Ken Ham’s position, and that of other religionists who tell us we have no grounds for morality without such a god, is as offensive as it is absurd.

 

* There are innumerable books that consider our moral evolution; you might like to try Frans De Waal’s Primates and Philosophers; How Morality Evolved or Christopher Boehms’s Moral Origins.

 

Is This It?

AlphaI was disappointed that my local church, when advertising the Alpha Course this year, didn’t use its usual poster. You know the one – and if you don’t it’s like the one above – that asks ‘Is this it?’, meaning both, ‘Is this all there is to life?’ and ‘Is this life all there is?’ Every year, I so much want to answer the question by scrawling ‘Yes’ on the bottom of the poster. I don’t, of course, because I’m too law-abiding to deface someone else’s property. But ‘yes’ really is the answer to the question ‘Is this it?’ and to the other two questions it suggests. This life is all there is. What you make of it is also ‘all there is’ (so better make the most of it).

Of course, the Alpha Course and Christians in general want to persuade you that this life isn’t all there is, that a better life awaits you after death. They want to tell you too that there’s a life that’s better than the one you’re currently living, however interesting, challenging, fulfilling or unhappy that might be. All you have to do to have this better life – and have it last forever – is to give yourself to Jesus. Oh, yes, and sign up for the Alpha Course too, of course.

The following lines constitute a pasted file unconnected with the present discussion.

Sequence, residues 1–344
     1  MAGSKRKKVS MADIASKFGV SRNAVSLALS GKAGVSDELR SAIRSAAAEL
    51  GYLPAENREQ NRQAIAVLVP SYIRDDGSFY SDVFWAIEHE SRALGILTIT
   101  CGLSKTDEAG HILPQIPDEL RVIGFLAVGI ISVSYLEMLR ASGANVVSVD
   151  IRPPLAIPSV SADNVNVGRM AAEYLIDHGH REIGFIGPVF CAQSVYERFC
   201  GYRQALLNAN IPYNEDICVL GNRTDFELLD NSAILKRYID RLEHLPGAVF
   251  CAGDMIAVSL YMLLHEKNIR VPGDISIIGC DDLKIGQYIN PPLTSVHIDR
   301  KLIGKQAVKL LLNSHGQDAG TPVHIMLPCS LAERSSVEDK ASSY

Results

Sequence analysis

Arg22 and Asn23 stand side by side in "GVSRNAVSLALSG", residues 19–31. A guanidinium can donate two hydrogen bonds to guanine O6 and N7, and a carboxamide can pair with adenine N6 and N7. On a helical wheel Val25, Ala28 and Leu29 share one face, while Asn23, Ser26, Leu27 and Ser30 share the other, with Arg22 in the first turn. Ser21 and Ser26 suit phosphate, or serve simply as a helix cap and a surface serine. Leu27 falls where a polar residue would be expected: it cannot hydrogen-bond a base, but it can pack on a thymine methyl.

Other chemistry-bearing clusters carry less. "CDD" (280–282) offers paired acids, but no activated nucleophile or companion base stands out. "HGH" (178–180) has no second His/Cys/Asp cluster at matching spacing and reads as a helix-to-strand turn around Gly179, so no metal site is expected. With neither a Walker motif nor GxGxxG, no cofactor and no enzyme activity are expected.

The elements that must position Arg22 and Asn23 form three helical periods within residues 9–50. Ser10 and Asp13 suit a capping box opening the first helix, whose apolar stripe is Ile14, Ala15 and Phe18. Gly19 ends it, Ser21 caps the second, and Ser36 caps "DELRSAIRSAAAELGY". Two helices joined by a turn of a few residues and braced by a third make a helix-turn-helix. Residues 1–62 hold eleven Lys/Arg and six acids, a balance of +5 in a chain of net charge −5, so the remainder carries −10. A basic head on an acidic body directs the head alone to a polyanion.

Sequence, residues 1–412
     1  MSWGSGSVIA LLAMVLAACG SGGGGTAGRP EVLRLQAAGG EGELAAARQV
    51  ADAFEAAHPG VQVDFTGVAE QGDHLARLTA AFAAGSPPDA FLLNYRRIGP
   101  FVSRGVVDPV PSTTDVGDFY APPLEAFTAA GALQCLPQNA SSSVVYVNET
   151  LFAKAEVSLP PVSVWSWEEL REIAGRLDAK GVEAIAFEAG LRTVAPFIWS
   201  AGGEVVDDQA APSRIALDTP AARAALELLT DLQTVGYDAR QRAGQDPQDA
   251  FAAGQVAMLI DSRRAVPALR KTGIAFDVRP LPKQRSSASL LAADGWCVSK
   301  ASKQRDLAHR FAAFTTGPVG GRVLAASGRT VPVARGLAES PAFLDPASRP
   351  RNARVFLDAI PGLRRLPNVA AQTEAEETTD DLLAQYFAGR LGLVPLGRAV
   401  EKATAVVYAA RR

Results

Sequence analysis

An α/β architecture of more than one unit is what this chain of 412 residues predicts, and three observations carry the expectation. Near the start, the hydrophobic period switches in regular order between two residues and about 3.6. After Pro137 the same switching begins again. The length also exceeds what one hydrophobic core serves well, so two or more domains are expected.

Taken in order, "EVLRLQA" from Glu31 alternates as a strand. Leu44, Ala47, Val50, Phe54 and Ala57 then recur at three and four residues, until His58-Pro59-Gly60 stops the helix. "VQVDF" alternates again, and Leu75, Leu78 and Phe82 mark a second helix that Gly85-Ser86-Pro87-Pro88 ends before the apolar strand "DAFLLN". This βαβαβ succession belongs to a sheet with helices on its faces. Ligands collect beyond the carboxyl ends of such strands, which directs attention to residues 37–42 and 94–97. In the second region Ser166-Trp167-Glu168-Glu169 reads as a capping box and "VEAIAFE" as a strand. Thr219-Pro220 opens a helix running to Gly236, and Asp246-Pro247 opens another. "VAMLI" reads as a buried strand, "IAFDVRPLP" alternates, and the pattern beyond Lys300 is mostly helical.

Will your life really get better if you decide to believe in a mythical figure who magically sacrificed himself to himself to save you from yourself? It might, but not because you’ll have bought into this particular delusion. If it happens at all, life will be better because you’ll have become a member of a community (a church) and will enjoy the support of others who share the delusion. It might seem better too because your church will tell you what to think about particular issues – morality, abortion, homosexuality, evolution, for example – and you will be freed, should you want to be, from the burden of thinking for yourself.

But your life will not assume any cosmic significance, because nothing human beings do, say or believe ever has cosmic significance. Humans, whatever your church or the Alpha Course tells you, simply do not have cosmic significance. So, your decision to follow Christ won’t mean you’ll live forever (because, however much they might wish it, human beings don’t live forever.) It will not transform you into a ‘spiritual creature’; won’t make you beloved of the Creator of the universe; won’t transform you into the likeness of the mythical Christ. You will not have a hot-line to either the Creator nor to this Christ and so you won’t find them answering your prayers. You will not be part of any cosmic battle between God and the devil. You will not have God’s Son or the Son’s Spirit (which is it, Christians?) coming to make their home in you. You will no more be living in the End Times than you were before your conversion and the world will, though you will fail to recognise it, make even less sense than it does now.

What Christianity offers is pure fantasy, the same sort of fantasy that Mormons, Muslims, Moonies and all manner of other religious believers claim as their Truth. The only difference between your fantasy and theirs will be in the detail. Of course, as a Christian you’ll be told that your set of superstitions is the real and only Truth and that all of the others are false (or the lies of the devil, or whatever.) But in reality, yours will be just as absurd, just as impossible, just as disconnected from reality as theirs. And, what’s more, you’ll go on facing the same problems, the same joys, the same pain, the same short lifespan and the same opportunities that your culture offers you, that you’ve always had.

So give the Alpha Course a miss. Give Christianity a miss. Give all religion a miss. Give anything that tells you this life isn’t all there is a miss too, because this IS all there is. And thank God for that.

What did you do today, God?

Duck